There’s a certain account in the Gospels that always stirs up in me the same reaction: a mixture of thoughtfulness and laughter. The passage in question is Matthew 20:29-34 (and its analogs in other Gospels). In Matthew’s version, Jesus is about to enter Jerusalem on what we’ve come to call Palm Sunday, when he is verbally “accosted” by two blind men. They had been sitting by the roadside (begging, no doubt) and got word that Jesus was passing by. They shouted out to him, “Lord, Son of David, have mercy on us!”
We’re told that the crowd rebuked them for their lack of decorum, but that only riled them up to shout the same demand all the louder. Jesus stopped in his tracks and asked them, “What do you want me to do for you?”
This is the part of the story that I can’t read or hear without laughing a bit. I imagine the blind beggars responding, “Well, Jesus, let us think about it… Let’s see, we’re a couple of blind guys who have no way to earn a living and who are forced to rely on the mercy of others even to scrape by. Hmmm…good question. I wonder what you could do for us.” The need of these men was painfully obvious to all of those around them. Yet Jesus paused to ask them, “What do you want me to do for you?”
This is where I begin to do some deeper thinking and reflecting. Jesus’ question reminds me not to jump to conclusions about people and their apparent needs. He models what it might look like to view people as, well, people—rather than as problems to be fixed or merely as needs to be met. Jesus took the time to let these men identify their own needs and formulate their own requests. I’m struck by how often, out of a desire to do good and to meet needs, we Christians tend to draw up plans for “repairs” that have never been articulated or requested. And, when people do come looking for assistance, we sometimes try a one-size-fits-all approach that fails to engage folks in genuine, interactive conversation.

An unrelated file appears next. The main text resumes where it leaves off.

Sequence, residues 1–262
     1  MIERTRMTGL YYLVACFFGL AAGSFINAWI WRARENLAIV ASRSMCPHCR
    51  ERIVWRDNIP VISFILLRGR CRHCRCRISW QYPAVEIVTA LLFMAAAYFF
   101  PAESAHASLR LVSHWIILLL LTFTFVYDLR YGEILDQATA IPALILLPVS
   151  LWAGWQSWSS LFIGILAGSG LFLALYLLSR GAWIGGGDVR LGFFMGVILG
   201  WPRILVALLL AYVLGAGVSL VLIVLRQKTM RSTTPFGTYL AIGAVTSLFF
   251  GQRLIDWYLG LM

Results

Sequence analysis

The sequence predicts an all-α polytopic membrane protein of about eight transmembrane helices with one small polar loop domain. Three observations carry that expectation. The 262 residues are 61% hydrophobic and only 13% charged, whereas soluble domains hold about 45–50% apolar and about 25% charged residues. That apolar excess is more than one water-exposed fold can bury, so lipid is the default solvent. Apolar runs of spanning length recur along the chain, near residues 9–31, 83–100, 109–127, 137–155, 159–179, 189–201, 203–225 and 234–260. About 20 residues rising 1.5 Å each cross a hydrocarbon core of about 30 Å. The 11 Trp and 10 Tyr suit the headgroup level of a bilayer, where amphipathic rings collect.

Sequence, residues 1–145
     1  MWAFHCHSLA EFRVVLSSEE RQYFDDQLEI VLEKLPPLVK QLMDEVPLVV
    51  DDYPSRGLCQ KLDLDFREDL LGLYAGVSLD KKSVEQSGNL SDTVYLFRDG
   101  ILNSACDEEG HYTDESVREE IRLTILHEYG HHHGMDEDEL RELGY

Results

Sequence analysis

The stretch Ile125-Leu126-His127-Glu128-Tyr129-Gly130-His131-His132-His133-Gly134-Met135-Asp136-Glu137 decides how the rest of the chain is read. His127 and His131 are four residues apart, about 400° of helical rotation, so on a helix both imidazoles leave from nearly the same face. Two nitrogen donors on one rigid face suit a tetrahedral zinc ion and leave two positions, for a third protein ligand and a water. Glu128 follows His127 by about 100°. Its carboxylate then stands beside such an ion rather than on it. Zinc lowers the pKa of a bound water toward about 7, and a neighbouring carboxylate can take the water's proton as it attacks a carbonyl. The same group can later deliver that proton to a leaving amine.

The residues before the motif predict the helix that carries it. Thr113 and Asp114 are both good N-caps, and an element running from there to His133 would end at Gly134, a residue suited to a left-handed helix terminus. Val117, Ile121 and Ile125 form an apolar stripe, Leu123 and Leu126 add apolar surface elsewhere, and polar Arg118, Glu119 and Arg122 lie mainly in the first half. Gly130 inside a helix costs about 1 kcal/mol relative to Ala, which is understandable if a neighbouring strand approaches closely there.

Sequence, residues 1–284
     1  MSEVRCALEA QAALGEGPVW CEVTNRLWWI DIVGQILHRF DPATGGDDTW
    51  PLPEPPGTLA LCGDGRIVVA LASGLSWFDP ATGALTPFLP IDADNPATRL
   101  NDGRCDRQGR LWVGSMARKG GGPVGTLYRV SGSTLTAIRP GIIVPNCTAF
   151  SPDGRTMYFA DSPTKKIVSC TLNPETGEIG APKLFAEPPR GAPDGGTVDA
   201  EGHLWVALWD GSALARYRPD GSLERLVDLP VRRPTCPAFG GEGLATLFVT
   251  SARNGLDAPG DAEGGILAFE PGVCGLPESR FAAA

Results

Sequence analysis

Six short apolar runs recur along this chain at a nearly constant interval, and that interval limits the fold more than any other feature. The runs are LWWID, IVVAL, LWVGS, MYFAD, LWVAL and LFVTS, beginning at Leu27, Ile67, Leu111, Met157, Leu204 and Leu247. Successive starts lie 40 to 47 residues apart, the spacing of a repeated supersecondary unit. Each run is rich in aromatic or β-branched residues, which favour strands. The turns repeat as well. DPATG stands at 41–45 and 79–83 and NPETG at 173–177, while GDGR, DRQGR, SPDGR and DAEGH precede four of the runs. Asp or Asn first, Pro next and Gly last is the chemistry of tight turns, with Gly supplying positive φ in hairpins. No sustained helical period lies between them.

I wonder if the blind men truly realized how powerfully capable this Son of David was, and how they could have answered his question by presenting for his healing even deeper needs than their blindness. I think of the many times I come to Jesus asking for things that are more superficial than I’d care to admit. It’s so tempting to ask for relief rather than patience, for ease rather than challenge-prompted growth, and for answers rather than deeper faith. I’m reminded of Solomon, who asked for wisdom, and found riches, honor and an enduring legacy added as well. Yet, I’m also encouraged by this example in Matthew of Jesus answering physical, tangible needs.
As we continue our journey through 2017 and in a new season of ministry at Redeemer, I want to encourage each of us —myself included—to ponder what it is exactly that we would like to ask Jesus to do for us. We know that God is the giver of every good thing, and that the riches of Christ are unimaginable and inexhaustible, so what is it that we would seek of him and choose to cry out to him about? What are those deepest needs for which Christ is our only hope? What is it that we choose to call out to Jesus for, both as individuals and as a body of believers?
As we ponder that question, let’s be prepared to ask Jesus a question as well: “What do you want me/us to do for you?” We can trust that Jesus will meet our every need, and we can trust as well that he will continue to invite us into fulfilling, stretching, fruitful lives of service, as we say yes to those “good works which God prepared in advance for us to do” (Eph. 2:10). Even as we call out for mercy, let us be attentive to the call of Christ upon our lives as well.